Hopefully this film is actually a premonition of what the future holds in store for Detroit. Or the filmmakers at least donate some of the profits to putting that place back together.
3. The Cast Rules
Let’s face it, no one can out-do Peter Weller in the original.
5 months of preparation to develop the movements of RoboCop with Moni Yakim (at the time the Head of the Dept. of Movement at Julliard) combined with an oddly expressive lower face and a dedication to going so method as to request that the cast and crew refer to him only as “Robo” (at least until Paul Verhoeven found it too ridiculous to stomach) made for an indelible screen performance. Rarely was an actor of that caliber the lead in what was essentially a ‘comic book’-type film, at least not in 1987. Not to mention the fantastic against-type casting of Kurtwood Smith as the sadistic crime lord Clarence J. Boddicker and Ronny Cox as corporate executive scumbag Dick Jones.
BUT. Joel Kinnaman, fresh off his awesome work as Det. Holder in “The Killing”, is an inspired choice for the new RoboCop and he delivers a pretty great performance. (His movements aren’t as robotic as Peter Weller, but we’ll let it slide). Granted, Kinnaman is given much more face time in this retelling than Weller ever had, making his job that much easier, but he does great all the same.
Add in Gary Oldman as Dr. Dennett Norton, the scientist behind RoboCop and perhaps the only character with a conscience, Michael Keaton as Raymond Sellars, the ambitious and unstoppable CEO of OmniCorp, and Samuel L. Jackson as Pat Novak, a thinly veiled parody of Bill O’Reilly, along with Abbie Cornish, Jackie Earle Haley, Jay Baruchel, Michael Kenneth Williams and Zach Grenier. Actors that never disappoint.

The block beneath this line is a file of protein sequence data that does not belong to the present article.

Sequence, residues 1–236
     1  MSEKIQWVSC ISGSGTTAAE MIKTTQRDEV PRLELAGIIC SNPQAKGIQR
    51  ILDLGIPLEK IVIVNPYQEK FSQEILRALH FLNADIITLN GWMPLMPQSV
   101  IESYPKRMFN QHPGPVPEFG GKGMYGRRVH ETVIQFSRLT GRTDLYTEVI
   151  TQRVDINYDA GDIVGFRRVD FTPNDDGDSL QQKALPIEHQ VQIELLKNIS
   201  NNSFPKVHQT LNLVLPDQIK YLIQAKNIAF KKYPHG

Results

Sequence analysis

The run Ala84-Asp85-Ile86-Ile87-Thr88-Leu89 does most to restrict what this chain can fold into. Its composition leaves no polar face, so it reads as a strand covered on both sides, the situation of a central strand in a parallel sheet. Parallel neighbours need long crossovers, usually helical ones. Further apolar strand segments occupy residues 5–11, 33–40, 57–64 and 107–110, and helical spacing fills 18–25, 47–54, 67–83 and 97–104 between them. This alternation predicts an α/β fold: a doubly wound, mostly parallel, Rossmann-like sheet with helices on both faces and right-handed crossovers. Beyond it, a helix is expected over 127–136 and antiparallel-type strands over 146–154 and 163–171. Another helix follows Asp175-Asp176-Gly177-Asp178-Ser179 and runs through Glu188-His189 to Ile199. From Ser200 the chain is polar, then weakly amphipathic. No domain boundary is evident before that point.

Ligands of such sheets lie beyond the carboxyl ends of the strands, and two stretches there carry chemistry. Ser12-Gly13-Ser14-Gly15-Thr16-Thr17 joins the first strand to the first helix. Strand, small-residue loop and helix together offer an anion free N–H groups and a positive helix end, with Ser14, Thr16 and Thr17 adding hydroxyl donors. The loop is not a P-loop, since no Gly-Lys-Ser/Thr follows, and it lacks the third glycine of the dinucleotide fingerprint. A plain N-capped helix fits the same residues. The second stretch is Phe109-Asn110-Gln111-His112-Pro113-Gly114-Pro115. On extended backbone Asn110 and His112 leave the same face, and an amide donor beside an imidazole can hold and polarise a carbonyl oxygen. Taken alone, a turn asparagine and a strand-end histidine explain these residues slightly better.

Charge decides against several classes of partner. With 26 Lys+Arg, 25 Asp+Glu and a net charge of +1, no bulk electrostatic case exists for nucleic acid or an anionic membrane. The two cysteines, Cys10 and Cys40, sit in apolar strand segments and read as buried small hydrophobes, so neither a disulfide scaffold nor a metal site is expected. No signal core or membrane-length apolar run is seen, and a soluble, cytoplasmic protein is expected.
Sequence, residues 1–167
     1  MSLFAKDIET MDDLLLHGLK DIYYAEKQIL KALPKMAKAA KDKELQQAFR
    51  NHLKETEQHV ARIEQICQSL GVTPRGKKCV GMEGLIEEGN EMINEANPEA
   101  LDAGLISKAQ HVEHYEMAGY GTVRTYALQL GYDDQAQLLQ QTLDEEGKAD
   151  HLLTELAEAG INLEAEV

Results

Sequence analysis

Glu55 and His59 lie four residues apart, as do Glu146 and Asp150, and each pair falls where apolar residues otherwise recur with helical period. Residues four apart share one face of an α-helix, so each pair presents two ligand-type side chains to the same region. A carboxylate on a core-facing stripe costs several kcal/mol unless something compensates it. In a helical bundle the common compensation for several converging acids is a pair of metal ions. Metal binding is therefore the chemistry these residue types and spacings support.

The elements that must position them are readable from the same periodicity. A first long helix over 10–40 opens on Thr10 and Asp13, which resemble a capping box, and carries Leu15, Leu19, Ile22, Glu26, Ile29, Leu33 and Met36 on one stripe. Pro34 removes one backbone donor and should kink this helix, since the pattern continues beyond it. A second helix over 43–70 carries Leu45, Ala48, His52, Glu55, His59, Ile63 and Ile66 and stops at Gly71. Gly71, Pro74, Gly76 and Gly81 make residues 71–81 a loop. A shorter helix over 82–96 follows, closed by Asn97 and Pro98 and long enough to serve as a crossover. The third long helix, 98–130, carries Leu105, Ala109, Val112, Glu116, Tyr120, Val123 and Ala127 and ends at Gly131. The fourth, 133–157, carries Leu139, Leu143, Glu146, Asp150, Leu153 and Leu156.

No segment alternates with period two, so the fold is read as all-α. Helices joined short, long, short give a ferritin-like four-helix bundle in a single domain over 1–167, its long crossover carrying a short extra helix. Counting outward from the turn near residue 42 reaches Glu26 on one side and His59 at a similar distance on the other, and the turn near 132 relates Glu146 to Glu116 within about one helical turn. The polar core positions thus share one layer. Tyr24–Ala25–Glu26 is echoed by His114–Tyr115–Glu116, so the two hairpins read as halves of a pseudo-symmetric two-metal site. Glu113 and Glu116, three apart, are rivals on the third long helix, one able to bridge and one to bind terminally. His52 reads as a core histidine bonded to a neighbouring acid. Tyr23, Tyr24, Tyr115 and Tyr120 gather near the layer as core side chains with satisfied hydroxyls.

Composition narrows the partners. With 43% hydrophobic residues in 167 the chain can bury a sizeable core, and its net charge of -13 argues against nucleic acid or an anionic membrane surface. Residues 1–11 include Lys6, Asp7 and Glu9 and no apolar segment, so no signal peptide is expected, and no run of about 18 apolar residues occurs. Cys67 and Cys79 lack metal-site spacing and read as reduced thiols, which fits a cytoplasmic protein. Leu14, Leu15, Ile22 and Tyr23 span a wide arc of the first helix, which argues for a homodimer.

2. ‘The Novak Element’
Some of the most memorable moments of the original RoboCop were its satirical newscasts (Media Break), commercials (“Nuke!”), and sitcoms (“I’d buy that for a dollar!”). It showed us a society desensitized to violence (sound familiar?), war, poverty, and obsessed with appearance and wealth. A Detroit that was like a demilitarized zone, close to the truth then and even closer now. A sharp criticism of the state of affairs in America at the time as only a European could give, in this case the great Paul Verhoeven.
The remake manages to incorporate its own version of satire with: “The Novak Element” a fictional news show hosted by Pat Novak, ferociously played by Samuel L. Jackson, as a very thinly veiled parody of Bill O’Reilly. These segments punctuate the film with Novak’s bombastic rightwing views on robots, OmniCorp and the exploits of RoboCop. They are the most brilliant and hilarious parts of the film.
Simply put, Samuel L. Jackson lampooning Bill O’Reilly. I’d buy that for a dollar.
1. Potential to create a better franchise
As I’ve said already, 1987’s RoboCop was a classic. But RoboCop 2, on the other hand, was just okay, despite Peter Weller reprising his role and Tom Noonan as Cain aka RoboCop 2. Weller bailed after the first sequel. RoboCop 3 totally sucked. And the size of the budgets and quality of material dropped off from there. From what I watched of the television series and the mini-series on YouTube they both look terrible, extremely low budget with cheesy one-liners, featuring either toned down violence or over-the-top-exploitation-violence pretending to be dark comedy, and lame attempts to replicate the satire of the original. Surely there’s a good comic book or video game incarnation of the character out there somewhere, but that’s about it.
The remake leaves off with OCP still in the shadows as the parent company of OmniCorp and the potential for the sequel to surpass the first film in the series. Hopefully, it does well enough at the box office to at least get a chance at a sequel with a good screenwriter the series could really take off and make RoboCop a major franchise.
Author Bio: Kyle Joseph Hintz is a filmmaker and writer based out of Chicago. His love for film was cultivated at a young age when his father would take him to the video store and let him rent whatever he wanted, creating an eclectic cinema palate.